LETTER : BSE: who will care for the thousands of victims?

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The Independent Online
Sir: As the organisation that offers support and information to the families of people with Creutzfeldt-Jakob disease, we are appalled by the prospect of a epidemic of infected people (reports, 21 March).

Professor John Pattison, chairman of SEAC, the government-appointed expert committee on BSE, says that up to 500,000 people may have been infected before the bovine offal ban in 1989.

The Government failed to act at the earliest possible opportunity to put sufficient funds into research. It is essential we know how this disease develops in humans and to what extent it can be passed from person to person. We are concerned there are few facilities in the UK to carry out such transmission studies.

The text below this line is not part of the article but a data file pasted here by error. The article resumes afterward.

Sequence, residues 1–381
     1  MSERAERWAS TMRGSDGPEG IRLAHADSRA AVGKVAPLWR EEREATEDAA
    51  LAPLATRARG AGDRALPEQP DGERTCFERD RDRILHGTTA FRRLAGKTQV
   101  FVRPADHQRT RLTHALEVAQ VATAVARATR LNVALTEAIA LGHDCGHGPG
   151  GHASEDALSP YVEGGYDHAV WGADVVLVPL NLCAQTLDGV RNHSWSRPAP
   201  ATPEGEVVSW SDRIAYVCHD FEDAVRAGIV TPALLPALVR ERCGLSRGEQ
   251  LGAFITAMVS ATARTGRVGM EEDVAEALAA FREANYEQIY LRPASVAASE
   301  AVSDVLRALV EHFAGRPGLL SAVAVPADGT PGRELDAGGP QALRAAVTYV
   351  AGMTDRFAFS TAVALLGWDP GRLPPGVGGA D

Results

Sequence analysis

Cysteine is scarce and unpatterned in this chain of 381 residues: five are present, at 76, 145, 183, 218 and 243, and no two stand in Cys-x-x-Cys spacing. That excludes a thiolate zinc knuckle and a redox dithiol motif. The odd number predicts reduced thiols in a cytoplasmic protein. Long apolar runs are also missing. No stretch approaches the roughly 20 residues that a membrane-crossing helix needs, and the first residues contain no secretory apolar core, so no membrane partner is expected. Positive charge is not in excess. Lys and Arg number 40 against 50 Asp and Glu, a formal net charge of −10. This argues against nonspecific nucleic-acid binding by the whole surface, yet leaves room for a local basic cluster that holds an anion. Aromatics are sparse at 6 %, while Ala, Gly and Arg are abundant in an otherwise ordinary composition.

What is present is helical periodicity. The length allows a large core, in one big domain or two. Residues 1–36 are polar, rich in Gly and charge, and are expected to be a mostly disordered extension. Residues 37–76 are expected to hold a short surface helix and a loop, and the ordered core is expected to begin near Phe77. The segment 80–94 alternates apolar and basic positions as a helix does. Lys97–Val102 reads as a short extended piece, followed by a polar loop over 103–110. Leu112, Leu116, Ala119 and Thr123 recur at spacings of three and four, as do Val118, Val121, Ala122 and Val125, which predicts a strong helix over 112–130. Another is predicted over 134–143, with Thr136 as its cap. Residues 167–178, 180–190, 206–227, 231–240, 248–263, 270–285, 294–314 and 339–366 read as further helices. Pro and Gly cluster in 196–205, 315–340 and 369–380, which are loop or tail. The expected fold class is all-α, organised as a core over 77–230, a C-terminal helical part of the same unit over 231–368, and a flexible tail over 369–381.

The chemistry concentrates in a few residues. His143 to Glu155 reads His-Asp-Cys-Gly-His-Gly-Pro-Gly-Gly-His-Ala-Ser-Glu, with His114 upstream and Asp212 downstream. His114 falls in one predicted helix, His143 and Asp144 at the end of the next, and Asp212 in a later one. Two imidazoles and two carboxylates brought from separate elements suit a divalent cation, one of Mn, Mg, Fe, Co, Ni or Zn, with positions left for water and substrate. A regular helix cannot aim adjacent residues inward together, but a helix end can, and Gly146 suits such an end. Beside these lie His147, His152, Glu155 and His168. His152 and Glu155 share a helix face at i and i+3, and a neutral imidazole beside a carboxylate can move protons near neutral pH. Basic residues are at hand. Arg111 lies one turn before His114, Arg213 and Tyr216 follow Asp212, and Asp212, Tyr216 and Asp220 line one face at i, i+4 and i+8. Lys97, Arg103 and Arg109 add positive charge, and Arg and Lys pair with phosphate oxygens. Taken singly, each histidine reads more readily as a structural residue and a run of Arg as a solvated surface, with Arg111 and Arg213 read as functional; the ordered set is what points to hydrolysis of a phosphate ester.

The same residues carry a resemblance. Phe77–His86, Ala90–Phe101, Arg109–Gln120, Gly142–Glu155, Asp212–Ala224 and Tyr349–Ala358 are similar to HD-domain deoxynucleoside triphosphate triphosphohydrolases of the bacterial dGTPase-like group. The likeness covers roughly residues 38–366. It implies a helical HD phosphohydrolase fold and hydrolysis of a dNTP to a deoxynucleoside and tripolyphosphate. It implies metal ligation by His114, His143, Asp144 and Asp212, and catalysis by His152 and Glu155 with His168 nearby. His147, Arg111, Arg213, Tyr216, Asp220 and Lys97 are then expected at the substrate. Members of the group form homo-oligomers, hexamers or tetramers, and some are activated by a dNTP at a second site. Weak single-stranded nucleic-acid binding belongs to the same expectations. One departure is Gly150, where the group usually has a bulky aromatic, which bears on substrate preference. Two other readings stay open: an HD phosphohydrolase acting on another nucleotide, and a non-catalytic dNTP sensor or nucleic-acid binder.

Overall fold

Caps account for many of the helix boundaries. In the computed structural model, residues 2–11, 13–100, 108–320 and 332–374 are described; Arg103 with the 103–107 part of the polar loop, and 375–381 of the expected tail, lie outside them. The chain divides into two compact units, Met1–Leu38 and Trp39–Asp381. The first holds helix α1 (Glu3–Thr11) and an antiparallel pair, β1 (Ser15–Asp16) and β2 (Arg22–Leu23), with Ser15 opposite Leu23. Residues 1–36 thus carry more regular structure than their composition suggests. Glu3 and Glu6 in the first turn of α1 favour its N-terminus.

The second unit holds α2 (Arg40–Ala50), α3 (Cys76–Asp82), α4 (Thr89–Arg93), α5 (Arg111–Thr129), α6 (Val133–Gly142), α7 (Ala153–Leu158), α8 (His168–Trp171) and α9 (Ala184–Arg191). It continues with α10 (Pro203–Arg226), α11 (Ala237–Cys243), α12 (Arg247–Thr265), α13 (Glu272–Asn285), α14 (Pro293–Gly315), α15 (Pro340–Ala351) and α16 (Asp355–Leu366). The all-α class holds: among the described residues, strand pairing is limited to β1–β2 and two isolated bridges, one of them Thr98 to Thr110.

The members of our network, and the 650,000 people in this country who suffer other forms of dementia such as Alzheimer's disease, know that care in the community is ill-equipped to look after these people in future. Those of us at the sharp end of community care, who are looking after people with dementia, have been a soft target for health cuts in the past. In particular health authorities have failed to provide for the 17,000 younger people with dementia to which the new cases of CJD will be added.

The Government owes it to the people who have become infected to prepare sufficiently and commit enough funding to care services to make their last months as dignified as possible.

Clive Evers

Chairman

Creutzfeldt-Jakob Support Network

Alzheimer's Disease Society

London SW1

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